2.2 Bacterial isolatesThiosulfate citrate bile salts sucrose agar was used as a selective medium for isolation of V. vulnificus. For primary identification, the isolates were characterized by standard physiological and biochemical tests with an API 20E kit (bioMerieux, SA, France). Polymerase chain reaction (PCR) amplification of the vvhA gene, specific to V. vulnificus, was also used to identify the isolates.
2.3 PFGEGenetic relatedness between isolates recovered from individuals with V. vulnificus sepsis was investigated using PFGE as described by Gautom with some modification . Lysed plugs were digested with NotI and SfiI (New England Biolabs, Boston, MA, USA), and PFGE was performed in 1% agarose gels in 0.5 × Tris–borate–EDTA buffer at 14°C using a CHEF mapper apparatus (Bio-Rad, Richmond, CA, USA) at 6 V/cm. Linearly ramped switching times were 3.5–50 seconds for 22 hours (used NotI) or block 1 second, 2–10 seconds for 13 hours and block 2, 20–25 seconds for 6 hours (used SfiI). PFGE banding pattern analysis was performed using BioNumerics software (version 4.6; Applied Math, Kortrijk, Belgium). Analysis of banding patterns was performed using the Dice coefficient with a 1.0% tolerance for the band migration distance. Clustering of the patterns was performed using the un-weighted pair-group method with arithmetic averages.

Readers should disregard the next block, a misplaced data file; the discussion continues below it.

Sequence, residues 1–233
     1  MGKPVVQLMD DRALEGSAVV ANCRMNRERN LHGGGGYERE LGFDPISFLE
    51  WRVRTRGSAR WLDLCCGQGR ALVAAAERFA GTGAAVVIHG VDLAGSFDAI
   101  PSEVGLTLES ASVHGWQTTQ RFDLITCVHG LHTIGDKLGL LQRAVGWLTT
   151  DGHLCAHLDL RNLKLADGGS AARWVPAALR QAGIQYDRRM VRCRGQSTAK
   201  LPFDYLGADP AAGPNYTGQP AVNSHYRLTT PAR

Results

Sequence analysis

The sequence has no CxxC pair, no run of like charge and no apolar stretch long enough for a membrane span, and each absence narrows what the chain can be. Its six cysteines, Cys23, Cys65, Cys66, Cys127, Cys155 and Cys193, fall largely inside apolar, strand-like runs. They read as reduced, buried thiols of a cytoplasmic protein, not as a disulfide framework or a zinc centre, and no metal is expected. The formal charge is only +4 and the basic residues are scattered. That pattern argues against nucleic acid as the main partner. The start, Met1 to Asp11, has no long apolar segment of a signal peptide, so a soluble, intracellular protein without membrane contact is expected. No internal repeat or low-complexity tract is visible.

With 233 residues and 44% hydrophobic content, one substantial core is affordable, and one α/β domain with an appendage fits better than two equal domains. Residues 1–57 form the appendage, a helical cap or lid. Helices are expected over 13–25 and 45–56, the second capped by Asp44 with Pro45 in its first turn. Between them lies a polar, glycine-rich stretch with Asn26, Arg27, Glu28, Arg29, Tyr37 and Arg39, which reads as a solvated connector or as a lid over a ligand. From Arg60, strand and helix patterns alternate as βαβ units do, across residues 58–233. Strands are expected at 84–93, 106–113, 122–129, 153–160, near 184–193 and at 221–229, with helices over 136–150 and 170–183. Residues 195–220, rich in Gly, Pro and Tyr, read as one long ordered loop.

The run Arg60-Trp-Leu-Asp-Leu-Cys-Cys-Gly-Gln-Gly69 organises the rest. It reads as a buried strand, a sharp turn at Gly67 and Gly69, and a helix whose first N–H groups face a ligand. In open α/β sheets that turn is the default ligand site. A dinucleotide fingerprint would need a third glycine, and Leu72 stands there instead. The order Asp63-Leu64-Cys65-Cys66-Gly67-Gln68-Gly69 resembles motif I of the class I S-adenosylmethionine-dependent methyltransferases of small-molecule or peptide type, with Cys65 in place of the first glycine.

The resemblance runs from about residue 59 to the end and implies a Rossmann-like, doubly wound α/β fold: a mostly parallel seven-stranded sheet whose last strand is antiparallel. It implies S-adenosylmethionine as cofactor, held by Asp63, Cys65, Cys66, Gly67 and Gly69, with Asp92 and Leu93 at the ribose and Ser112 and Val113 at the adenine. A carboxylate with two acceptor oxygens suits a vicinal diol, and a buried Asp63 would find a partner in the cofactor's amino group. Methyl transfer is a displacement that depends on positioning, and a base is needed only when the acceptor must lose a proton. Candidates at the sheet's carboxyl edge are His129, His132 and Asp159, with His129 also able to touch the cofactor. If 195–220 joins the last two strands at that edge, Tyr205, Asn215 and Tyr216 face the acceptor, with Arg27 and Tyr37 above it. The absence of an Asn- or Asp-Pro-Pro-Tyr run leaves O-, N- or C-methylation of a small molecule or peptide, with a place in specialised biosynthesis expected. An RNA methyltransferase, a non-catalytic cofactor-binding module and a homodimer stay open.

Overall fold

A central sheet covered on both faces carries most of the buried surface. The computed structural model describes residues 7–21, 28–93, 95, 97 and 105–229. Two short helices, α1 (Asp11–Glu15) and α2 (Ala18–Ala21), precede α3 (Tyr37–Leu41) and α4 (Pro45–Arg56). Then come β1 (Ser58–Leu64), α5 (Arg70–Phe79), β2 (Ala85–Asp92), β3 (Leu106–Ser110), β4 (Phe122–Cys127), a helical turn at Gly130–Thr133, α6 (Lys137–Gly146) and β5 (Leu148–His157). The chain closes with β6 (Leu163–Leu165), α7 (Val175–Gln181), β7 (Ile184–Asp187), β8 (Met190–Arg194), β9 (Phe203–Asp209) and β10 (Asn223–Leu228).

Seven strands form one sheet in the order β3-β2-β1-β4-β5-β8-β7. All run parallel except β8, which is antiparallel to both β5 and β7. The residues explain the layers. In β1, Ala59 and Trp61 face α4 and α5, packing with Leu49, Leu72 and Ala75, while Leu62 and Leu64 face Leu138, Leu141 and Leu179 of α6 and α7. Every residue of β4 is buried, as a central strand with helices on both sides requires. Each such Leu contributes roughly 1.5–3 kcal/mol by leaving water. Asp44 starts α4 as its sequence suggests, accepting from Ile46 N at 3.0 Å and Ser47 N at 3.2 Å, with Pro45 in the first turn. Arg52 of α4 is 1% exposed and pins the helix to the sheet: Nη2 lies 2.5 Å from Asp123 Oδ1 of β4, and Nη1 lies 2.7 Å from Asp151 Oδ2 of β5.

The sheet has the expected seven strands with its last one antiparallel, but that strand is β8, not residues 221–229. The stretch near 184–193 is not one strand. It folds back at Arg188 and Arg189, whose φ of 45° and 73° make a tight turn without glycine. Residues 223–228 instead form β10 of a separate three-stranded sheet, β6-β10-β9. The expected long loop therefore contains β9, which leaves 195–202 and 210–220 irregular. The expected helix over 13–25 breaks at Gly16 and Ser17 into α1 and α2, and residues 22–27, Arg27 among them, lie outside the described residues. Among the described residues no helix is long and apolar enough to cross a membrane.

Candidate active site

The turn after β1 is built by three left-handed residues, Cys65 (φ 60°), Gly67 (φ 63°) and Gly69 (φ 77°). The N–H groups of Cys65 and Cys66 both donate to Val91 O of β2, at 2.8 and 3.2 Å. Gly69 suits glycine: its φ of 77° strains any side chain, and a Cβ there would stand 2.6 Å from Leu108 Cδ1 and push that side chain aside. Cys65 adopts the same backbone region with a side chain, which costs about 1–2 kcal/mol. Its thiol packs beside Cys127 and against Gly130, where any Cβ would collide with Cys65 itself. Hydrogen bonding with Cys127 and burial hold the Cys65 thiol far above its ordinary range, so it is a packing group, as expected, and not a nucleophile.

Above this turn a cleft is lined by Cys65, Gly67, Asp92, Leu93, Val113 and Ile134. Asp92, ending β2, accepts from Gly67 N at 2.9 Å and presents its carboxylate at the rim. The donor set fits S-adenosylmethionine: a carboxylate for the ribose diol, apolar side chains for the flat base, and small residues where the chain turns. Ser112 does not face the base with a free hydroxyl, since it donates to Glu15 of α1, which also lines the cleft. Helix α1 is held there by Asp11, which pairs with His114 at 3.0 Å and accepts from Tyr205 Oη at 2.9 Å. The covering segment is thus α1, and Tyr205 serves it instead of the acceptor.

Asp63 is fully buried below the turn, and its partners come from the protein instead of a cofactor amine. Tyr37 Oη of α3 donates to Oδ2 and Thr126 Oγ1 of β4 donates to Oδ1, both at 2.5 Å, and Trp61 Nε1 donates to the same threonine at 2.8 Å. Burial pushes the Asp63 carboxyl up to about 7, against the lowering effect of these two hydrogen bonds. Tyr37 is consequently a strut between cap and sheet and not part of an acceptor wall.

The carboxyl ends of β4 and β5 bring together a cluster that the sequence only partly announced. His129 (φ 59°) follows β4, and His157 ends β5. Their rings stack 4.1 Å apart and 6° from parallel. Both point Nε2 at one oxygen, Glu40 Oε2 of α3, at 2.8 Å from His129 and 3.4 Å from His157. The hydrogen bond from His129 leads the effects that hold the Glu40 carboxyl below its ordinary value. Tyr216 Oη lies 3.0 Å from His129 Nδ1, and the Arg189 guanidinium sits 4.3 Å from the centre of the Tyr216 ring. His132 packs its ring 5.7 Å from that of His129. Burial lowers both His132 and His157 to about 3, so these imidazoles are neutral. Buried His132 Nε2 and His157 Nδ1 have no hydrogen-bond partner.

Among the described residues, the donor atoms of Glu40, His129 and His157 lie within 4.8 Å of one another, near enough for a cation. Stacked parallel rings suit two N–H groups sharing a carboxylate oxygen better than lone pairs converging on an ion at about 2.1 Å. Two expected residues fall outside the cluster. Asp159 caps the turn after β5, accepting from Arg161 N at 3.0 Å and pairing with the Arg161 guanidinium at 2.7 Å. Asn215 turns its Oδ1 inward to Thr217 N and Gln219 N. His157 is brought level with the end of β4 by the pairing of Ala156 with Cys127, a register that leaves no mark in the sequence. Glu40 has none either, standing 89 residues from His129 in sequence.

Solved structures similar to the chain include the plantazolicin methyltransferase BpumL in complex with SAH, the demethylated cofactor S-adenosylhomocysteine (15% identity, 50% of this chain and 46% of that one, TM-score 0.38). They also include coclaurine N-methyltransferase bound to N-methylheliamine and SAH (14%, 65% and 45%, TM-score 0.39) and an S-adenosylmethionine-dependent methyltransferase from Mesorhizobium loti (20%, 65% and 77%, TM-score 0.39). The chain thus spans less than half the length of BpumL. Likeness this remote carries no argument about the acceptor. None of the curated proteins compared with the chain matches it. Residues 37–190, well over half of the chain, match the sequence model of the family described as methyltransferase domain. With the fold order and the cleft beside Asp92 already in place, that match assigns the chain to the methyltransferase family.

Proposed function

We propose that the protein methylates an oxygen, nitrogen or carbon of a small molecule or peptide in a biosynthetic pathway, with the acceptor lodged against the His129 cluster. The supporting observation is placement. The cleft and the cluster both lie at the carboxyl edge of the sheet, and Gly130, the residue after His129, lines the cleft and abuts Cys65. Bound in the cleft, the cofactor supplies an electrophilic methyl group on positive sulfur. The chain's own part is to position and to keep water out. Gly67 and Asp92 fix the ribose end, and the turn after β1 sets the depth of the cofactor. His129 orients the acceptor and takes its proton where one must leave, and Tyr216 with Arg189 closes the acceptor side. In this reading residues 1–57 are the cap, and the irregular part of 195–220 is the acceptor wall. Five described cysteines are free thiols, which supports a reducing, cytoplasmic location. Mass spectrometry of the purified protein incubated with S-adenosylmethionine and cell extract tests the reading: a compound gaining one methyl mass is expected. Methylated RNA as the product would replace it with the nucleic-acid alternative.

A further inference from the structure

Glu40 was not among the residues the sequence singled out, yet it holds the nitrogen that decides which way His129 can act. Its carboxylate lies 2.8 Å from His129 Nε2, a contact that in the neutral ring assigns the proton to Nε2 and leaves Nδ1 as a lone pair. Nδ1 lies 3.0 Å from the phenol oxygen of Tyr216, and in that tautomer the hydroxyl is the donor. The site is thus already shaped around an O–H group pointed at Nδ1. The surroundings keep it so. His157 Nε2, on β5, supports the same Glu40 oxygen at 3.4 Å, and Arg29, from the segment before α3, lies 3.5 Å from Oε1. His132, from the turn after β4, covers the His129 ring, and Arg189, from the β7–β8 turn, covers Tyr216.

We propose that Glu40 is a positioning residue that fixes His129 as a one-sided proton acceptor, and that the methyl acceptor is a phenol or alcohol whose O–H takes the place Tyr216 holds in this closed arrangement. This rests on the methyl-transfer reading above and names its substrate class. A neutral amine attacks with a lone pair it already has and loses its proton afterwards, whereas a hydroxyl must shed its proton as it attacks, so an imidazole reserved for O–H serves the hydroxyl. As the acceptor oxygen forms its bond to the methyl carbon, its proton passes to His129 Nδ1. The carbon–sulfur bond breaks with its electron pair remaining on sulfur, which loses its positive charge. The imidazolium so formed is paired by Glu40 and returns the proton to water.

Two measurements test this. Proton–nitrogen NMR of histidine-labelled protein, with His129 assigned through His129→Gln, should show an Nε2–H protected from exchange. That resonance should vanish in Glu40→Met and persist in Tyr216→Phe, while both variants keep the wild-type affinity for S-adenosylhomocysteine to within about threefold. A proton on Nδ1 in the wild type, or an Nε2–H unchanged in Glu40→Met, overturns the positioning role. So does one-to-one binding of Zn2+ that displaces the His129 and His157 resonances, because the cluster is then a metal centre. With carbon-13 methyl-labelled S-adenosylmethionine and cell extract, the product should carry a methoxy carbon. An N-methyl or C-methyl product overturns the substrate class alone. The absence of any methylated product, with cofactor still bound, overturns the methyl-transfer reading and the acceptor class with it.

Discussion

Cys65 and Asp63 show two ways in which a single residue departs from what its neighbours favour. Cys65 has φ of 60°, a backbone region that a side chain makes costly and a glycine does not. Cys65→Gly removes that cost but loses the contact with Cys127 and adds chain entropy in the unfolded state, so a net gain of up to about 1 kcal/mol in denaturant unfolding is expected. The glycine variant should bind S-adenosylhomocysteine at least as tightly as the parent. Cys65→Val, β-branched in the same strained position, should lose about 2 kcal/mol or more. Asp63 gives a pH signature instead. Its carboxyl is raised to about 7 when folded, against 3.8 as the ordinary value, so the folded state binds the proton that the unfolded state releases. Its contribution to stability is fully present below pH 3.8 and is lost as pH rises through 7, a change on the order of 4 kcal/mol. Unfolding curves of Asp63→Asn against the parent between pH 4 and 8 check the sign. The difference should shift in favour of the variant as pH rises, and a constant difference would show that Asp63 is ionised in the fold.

3.1 Prevalence of V. vulnificus infectionThe annual number of reported cases and the estimated prevalence of V. vulnificus infection (per 106 persons) in Korea from 2000 to 2004 are shown in Figure 1. V. vulnificus infections increased between 2000 and 2003, with the greatest number of patients associated with this infection reported in 2003 (n = 80). Most reported cases (>70%) occurred in residents of the southern part of Korea. The prevalence of V. vulnificus demonstrated clear seasonal peaks during summer. Nearly all cases occurred from July to September, when the recorded temperature of surface seawater was between 22°C and 25°C. Therefore, the frequency of V. vulnificus infections was potentially related to the temperature of surface seawater. It is theorized that climatic changes associated with global warming correlates with increasing potential of V. vulnficus infection in Korea.